And this isn’t over. Even on the descent from the apex, Westchester still has one of the highest concentrations of COVID-19 in the entire world, and several hundred new cases are still being detected each week. Physical distancing, face coverings in public, avoiding non-essential gatherings — these and other forms of disciplined, responsible conduct remain absolutely vital to continued progress. This is no time to let down our guard.
While every part of New Rochelle has suffered, the virus has disproportionately impacted our most vulnerable residents. To see how, one must look beneath the top-line citywide statistics.
The Wykagyl neighborhood was the site of New Rochelle’s first detected outbreak of COVID-19, spurring a wave of intense focus and testing within the North End. As a consequence, back in mid-March, the 10804 and 10583 zip codes accounted for more than 85% of our confirmed cases. Since then, however, prevalence of the virus has shifted to the central and southern portions of the city, and the ratio is now reversed, with more than 90% of currently active cases in the 10801 and 10805 zip codes.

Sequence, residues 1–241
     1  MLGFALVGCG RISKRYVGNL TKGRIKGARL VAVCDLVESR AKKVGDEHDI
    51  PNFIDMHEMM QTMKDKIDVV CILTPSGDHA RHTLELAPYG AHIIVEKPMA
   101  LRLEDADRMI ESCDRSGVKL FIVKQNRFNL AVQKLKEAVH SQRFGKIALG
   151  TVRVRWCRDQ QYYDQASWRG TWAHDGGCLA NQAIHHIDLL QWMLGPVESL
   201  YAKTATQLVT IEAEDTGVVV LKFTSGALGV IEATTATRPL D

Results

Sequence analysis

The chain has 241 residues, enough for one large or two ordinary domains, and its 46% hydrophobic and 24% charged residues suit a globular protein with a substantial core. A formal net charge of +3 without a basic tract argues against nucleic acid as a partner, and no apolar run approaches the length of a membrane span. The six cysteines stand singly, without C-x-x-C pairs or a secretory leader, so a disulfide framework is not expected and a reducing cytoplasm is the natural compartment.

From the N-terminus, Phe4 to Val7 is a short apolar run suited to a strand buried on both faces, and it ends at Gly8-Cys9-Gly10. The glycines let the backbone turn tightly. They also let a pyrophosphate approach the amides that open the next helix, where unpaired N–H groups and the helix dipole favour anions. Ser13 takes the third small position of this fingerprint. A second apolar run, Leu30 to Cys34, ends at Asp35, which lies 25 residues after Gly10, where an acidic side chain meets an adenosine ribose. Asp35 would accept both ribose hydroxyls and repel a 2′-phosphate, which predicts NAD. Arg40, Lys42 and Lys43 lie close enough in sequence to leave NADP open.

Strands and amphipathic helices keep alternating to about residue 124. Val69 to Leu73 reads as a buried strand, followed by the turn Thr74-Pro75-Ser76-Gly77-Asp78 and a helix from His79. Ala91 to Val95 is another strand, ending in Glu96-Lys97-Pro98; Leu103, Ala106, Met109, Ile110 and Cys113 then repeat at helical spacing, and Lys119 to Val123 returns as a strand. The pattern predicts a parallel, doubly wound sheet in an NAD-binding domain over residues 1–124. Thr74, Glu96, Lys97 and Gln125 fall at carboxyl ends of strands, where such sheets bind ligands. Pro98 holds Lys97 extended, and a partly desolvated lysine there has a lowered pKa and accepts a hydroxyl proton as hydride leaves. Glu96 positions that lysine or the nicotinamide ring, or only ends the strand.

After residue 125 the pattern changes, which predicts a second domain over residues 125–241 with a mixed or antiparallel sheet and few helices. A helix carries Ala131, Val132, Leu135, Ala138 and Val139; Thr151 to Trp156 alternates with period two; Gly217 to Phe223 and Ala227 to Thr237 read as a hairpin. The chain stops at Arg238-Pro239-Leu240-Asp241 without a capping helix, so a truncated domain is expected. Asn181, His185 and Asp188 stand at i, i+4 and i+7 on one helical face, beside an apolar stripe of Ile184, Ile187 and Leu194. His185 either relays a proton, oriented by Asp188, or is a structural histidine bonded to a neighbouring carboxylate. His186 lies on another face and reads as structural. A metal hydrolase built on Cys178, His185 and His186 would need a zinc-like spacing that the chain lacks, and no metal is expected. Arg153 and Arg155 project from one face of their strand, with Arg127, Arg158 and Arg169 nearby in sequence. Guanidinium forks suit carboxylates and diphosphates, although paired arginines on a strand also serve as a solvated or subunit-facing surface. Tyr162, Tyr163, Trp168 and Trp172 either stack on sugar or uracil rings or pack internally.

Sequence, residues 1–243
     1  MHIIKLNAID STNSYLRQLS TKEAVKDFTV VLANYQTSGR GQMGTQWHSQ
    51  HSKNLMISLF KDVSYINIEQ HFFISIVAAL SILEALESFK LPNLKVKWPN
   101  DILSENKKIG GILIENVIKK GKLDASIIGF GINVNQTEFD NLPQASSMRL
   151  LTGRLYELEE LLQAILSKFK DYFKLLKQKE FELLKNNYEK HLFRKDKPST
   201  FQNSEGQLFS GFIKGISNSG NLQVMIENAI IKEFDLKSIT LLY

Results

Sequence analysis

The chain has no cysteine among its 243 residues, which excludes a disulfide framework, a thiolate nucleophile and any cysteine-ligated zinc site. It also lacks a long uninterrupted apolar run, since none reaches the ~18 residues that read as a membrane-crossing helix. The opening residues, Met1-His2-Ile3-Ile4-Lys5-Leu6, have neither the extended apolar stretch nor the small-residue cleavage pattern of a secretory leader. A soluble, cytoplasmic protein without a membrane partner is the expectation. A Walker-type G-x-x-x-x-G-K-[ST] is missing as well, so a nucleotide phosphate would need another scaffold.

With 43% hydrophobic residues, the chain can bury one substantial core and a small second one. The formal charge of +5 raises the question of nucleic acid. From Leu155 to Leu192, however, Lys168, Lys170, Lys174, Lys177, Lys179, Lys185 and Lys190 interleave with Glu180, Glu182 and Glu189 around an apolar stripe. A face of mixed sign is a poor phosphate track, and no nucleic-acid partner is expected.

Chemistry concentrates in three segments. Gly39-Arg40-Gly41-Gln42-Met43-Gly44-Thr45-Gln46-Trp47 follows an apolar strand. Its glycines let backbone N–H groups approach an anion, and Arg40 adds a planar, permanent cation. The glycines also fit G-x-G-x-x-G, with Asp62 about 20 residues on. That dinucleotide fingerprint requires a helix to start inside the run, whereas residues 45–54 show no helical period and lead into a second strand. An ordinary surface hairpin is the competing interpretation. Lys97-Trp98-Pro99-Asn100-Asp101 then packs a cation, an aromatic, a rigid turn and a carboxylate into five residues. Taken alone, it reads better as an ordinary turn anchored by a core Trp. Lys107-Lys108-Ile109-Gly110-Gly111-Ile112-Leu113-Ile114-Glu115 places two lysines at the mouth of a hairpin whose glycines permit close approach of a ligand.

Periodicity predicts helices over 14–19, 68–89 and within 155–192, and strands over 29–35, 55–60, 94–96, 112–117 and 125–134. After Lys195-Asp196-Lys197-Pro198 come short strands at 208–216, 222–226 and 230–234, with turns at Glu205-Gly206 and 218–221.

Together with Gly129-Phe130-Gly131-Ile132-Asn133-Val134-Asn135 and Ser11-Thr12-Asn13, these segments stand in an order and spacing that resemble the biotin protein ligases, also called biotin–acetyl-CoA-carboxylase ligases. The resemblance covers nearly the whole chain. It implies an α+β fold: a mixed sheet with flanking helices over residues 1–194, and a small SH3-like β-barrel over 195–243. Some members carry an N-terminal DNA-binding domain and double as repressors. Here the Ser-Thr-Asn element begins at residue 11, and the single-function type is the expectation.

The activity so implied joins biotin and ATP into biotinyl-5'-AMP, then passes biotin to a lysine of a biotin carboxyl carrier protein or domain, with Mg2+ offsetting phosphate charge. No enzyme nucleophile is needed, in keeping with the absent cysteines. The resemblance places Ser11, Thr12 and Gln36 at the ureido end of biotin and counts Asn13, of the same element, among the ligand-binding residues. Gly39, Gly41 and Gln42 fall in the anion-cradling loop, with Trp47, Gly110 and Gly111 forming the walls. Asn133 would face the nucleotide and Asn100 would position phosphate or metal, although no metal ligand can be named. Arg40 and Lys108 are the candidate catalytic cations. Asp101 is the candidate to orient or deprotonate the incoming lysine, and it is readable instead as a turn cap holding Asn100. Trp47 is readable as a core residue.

To some degree, these trends reflect patterns of detection more than of spread. What do I mean? Although the virus was first noticed in 10804, there is little doubt it was already quietly circulating throughout our city and region, like a fire spreading through the walls and ducts of a house. It took a few weeks for testing and reporting to catch up with the facts on the ground. In the meantime, the virus had a head start on mitigation measures.
But that explanation only goes so far. There are other reasons why the 10801 and 10805 zip codes are comparatively susceptible to the virus’ spread, including:
• More residents in housing that is overcrowded and/or lacking the professional management to properly clean common areas;
• More residents facing language barriers that may impede access to public health guidance;
• More residents in essential jobs, whose occupational responsibilities increase the risk of exposure;